Read on for the latest information from our reserve manager John Gowland about what’s happening out on our wildlife reserve…
Wader Lake: After the unseasonal summer weather and gull predation, I am pleased to confirm that two of our four avocet pairs have managed to fledge chicks this year. One pair raised two chicks and the other pair one chick. The young have been spotted testing their flying skills across the lake and it’s a great thing to watch.
The common tern breeding colony reached a maximum of 82 pairs; a little down on last year but still an impressive number for this species outside of their stronghold of the Tees Marshes. The flash flooding at the end of June had an impact on the colony and at least 20 birds failed in their nesting attempt. Despite this, more than 30 chicks have fledged so far this year, with approximately 20 young still due to fledge from the island.
It’s been a bit of a disappointing year for the breeding shelduck on site. Due to the underground nesting habits of this species, a lot of broods failed to hatch because of the wet weather. Only four pairs successfully raised approximately 15-20 young between them.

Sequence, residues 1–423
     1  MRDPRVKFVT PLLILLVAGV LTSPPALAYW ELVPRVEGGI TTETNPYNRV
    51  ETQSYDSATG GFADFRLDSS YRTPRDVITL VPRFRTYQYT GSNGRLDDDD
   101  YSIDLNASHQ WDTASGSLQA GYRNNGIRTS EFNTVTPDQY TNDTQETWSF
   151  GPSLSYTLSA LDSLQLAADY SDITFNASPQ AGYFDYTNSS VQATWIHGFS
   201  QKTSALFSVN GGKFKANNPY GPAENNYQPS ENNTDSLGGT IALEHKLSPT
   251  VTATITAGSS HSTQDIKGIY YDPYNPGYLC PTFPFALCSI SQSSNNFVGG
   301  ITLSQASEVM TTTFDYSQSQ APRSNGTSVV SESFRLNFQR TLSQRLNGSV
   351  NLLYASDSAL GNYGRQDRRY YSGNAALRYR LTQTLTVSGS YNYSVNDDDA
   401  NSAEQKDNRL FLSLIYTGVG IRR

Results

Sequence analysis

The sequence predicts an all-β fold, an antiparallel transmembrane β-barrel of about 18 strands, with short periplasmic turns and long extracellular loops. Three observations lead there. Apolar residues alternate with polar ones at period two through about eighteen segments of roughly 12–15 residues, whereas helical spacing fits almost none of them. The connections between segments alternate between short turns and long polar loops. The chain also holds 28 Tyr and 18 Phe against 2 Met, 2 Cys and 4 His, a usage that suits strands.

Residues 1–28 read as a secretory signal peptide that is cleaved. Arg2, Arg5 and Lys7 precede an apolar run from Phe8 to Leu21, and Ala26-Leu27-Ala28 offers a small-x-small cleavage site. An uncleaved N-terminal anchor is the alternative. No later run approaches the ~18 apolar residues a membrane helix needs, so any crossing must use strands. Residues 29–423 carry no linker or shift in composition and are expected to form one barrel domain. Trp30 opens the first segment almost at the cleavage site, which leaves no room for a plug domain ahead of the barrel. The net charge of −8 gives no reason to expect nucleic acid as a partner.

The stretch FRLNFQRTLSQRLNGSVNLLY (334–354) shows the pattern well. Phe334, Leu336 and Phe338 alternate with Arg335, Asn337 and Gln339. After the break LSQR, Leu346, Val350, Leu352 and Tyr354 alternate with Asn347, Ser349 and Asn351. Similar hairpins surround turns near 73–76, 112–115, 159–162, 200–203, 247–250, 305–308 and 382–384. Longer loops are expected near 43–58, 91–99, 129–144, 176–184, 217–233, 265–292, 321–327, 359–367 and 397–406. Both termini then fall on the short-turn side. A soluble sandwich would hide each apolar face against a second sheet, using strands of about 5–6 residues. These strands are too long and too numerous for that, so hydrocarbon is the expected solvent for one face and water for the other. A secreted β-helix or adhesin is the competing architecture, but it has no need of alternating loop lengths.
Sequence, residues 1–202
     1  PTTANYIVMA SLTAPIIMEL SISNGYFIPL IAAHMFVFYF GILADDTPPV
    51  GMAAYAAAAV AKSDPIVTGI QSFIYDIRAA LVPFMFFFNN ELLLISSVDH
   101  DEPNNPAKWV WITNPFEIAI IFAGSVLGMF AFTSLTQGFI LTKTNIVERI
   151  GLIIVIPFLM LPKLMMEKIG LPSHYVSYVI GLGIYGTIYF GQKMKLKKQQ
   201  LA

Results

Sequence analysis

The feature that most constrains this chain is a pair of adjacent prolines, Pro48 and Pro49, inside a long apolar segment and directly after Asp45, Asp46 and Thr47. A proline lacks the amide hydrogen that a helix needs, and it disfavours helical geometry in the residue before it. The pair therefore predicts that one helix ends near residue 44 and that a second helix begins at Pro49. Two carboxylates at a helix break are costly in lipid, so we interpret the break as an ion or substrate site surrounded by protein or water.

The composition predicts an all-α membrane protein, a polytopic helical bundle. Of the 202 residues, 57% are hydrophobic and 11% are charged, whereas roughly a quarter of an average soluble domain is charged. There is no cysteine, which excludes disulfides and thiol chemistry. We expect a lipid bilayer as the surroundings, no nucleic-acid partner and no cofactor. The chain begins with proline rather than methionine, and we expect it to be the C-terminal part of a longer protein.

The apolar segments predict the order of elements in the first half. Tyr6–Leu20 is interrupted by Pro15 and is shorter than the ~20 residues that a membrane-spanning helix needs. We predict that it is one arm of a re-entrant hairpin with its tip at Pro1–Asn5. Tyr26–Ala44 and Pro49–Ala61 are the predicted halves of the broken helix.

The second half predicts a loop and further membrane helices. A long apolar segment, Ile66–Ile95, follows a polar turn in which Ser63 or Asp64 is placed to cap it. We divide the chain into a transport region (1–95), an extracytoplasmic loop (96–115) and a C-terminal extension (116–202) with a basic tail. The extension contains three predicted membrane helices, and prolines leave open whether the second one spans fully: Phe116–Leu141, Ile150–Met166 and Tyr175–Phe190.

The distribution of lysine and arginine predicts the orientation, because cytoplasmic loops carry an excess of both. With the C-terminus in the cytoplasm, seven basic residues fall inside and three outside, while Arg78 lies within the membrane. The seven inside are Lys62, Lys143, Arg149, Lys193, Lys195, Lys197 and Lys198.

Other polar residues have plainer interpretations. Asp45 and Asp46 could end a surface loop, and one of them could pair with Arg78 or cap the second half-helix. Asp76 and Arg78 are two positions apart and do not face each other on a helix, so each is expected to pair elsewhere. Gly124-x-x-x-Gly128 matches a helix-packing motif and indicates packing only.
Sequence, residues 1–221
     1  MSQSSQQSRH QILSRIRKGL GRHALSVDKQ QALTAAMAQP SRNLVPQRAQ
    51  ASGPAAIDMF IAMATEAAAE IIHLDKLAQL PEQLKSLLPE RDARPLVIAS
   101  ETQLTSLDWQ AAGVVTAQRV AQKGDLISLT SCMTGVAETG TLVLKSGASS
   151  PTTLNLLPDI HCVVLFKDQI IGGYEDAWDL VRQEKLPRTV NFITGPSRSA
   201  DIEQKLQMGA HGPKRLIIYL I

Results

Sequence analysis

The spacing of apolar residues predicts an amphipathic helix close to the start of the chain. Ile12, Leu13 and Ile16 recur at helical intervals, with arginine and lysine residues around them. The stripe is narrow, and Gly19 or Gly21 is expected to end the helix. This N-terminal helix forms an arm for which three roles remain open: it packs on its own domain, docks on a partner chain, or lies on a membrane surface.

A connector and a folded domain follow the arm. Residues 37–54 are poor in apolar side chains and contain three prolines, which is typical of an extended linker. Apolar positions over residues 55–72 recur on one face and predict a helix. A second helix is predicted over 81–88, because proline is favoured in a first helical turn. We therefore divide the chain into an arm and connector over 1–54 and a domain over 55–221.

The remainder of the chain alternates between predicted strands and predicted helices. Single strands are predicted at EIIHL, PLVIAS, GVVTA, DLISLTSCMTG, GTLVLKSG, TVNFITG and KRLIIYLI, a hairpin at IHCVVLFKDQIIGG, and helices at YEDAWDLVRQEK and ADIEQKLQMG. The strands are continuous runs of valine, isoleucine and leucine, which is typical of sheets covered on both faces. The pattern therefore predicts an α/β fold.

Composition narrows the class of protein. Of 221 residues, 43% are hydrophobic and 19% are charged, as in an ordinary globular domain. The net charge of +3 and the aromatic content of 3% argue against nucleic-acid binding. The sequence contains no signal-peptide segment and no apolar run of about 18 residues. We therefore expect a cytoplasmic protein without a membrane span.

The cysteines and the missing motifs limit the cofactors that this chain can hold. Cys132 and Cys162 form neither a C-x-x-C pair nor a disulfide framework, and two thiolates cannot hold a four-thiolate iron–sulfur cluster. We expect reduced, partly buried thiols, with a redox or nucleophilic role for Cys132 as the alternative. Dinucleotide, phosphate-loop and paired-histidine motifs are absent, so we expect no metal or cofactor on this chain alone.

Other fledged birds on site: A pair of oystercatcher has raised three chicks at the back of the bird collection exhibits and a second pair has raised two on Wader Lake. The young have been seen on the saline lagoon. Barn owl have also succeeded in raising two young, which is a first for many years to be recorded at WWT Washington. Nuthatch, great-spotted woodpecker, willow tit, reed warbler, common whitethroat, blackcap and bullfinch have also fledged young on site.
Saline lagoon: The recent flash flooding has washed parts of the new path away. As well as fixing the path, other tasks still to be completed include constructing the public access gates, allowing our visitors to enjoy the new lagoon and its wildlife once it’s open.
Fish are now entering the lagoon at high tide, giving the common tern, grey herons and cormorants the opportunity to catch a meal. The wildflower/seed mix is growing well thanks to the heavy rain and has already transformed the edges of the lagoon from muddy soil to a light grassy covering. A roe deer and her fawn have also been noted on the edge of the river reedbed at the bottom of the lagoon – a first for the site!